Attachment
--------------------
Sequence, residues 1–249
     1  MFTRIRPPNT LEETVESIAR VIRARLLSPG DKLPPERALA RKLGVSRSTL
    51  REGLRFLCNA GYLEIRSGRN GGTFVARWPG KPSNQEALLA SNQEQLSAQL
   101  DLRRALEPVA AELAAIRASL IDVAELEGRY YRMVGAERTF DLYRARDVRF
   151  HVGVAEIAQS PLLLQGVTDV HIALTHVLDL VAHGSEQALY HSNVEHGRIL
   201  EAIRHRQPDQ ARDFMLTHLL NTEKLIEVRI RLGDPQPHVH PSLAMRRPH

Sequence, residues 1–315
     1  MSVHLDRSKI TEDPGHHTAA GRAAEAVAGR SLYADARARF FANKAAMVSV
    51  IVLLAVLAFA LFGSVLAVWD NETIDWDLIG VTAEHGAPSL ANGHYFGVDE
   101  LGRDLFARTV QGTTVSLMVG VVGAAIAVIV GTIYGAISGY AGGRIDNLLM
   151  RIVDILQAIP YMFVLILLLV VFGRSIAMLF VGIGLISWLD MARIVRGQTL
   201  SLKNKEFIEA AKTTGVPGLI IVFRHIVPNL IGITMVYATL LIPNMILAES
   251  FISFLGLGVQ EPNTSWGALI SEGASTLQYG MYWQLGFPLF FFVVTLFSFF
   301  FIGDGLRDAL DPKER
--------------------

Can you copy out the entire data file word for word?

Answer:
Sequence, residues 1–249
     1  MFTRIRPPNT LEETVESIAR VIRARLLSPG DKLPPERALA RKLGVSRSTL
    51  REGLRFLCNA GYLEIRSGRN GGTFVARWPG KPSNQEALLA SNQEQLSAQL
   101  DLRRALEPVA AELAAIRASL IDVAELEGRY YRMVGAERTF DLYRARDVRF
   151  HVGVAEIAQS PLLLQGVTDV HIALTHVLDL VAHGSEQALY HSNVEHGRIL
   201  EAIRHRQPDQ ARDFMLTHLL NTEKLIEVRI RLGDPQPHVH PSLAMRRPH

Sequence, residues 1–315
     1  MSVHLDRSKI TEDPGHHTAA GRAAEAVAGR SLYADARARF FANKAAMVSV
    51  IVLLAVLAFA LFGSVLAVWD NETIDWDLIG VTAEHGAPSL ANGHYFGVDE
   101  LGRDLFARTV QGTTVSLMVG VVGAAIAVIV GTIYGAISGY AGGRIDNLLM
   151  RIVDILQAIP YMFVLILLLV VFGRSIAMLF VGIGLISWLD MARIVRGQTL
   201  SLKNKEFIEA AKTTGVPGLI IVFRHIVPNL IGITMVYATL LIPNMILAES
   251  FISFLGLGVQ EPNTSWGALI SEGASTLQYG MYWQLGFPLF FFVVTLFSFF
   301  FIGDGLRDAL DPKER